Last week, Virginia’s Joint Commission on Technology and Science held its second meeting of the Consumer Data Protection Work Group.

Instead of following a detailed rulemaking process for implementation like that provided for in the California Privacy Rights Act (CPRA), the Virginia Consumer Data Protection Act (VCDPA) is being reviewed over the next few months by a group of state officials, business representatives, and advocates. This group will publish recommendations by November 1, 2021, which the state legislature can consider if it amends the law before the VCDPA goes into effect on January 1, 2023. A stated goal of the group is to align the VCDPA with other privacy laws that states are enacting around the country.

At the meeting, the group heard public comments as well as a presentation by Deputy Attorney General Samuel Towell on behalf of the Office of the Attorney General of Virginia (OAG). The presentation covered issues that the OAG sees with the VCDPA’s implementation and proposed a number of recommendations for the group to consider: Continue Reading Virginia Consumer Data Protection Work Group Holds Second Meeting, Hears Recommendations from the Office of the Virginia Attorney General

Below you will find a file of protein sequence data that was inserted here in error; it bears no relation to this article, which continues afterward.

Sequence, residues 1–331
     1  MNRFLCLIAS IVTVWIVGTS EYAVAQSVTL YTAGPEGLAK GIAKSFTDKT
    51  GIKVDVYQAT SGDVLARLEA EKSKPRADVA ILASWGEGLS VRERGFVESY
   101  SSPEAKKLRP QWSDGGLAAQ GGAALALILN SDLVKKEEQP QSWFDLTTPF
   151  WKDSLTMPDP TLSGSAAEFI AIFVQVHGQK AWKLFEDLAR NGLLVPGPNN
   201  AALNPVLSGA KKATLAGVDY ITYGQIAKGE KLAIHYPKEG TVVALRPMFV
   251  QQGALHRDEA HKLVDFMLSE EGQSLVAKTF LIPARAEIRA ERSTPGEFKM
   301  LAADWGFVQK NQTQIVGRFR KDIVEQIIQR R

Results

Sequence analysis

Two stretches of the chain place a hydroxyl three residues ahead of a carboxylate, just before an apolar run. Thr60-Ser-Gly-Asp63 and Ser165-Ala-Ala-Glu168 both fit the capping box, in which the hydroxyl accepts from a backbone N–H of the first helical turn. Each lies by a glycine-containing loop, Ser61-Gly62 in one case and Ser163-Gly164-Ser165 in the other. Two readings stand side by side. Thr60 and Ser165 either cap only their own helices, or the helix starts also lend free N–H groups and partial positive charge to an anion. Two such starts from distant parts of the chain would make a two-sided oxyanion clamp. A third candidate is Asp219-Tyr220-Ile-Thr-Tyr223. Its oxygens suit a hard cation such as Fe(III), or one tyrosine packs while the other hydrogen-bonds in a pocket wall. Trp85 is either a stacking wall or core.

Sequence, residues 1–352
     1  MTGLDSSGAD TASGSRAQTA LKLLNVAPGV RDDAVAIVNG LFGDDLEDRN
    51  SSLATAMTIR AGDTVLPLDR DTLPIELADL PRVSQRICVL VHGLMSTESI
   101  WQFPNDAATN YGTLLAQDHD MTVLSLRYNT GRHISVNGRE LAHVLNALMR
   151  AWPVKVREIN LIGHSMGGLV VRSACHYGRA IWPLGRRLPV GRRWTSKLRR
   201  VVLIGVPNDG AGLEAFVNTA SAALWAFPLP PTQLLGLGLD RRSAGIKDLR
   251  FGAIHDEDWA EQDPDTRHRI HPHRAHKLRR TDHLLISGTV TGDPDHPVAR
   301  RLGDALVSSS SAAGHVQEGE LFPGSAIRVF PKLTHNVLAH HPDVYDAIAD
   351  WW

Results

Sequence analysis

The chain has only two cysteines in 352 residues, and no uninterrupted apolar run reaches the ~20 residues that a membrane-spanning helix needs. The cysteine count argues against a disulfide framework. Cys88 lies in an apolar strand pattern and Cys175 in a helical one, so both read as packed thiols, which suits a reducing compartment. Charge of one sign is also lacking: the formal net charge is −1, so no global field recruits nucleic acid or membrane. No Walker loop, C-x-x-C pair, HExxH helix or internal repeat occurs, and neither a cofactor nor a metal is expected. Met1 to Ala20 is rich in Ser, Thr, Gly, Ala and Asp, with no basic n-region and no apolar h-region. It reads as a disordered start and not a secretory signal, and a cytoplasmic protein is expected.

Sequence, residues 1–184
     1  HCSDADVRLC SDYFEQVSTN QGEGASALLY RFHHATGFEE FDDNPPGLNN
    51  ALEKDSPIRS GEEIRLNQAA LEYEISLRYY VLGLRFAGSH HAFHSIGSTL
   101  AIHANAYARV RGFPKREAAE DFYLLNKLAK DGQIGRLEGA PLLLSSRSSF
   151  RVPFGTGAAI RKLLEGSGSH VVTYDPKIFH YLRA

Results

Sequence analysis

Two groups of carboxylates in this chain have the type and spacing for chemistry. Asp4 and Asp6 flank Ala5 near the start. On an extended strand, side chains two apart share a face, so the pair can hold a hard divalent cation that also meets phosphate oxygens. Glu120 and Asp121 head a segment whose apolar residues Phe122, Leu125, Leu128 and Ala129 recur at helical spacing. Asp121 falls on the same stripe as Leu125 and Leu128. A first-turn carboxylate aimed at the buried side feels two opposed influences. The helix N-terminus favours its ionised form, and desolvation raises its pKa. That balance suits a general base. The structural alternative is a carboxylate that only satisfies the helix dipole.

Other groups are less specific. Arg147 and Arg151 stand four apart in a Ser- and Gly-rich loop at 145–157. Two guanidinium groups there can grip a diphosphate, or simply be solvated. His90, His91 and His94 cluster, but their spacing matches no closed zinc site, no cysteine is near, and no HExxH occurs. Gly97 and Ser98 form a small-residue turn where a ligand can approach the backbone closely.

The Cyprus Presidency of the Council of the European Union has made clear its objective to achieve a general partial approach on certain articles of the new legislative package on data protection by December 2012, with a view to having the whole legislative package adopted in 2013 or early in 2014. 

The Cyprus Presidency has so far achieved agreement within the Justice and Home Affairs (JHA) Council (a body that brings together the justice and interior ministers of the EU Member States and whose remit includes civil protection) on three principal issues: (i) to avoid creating additional and disproportionate costs for small and medium-sized businesses, (ii) to implement a common set of data protection regulations for the private and public sector, with some flexibility for public-sector organizations and (iii) to limit the enhanced powers proposed in the new legislative package so that the EU Commission is not able to regulate through delegated acts without the approval of the European Parliament.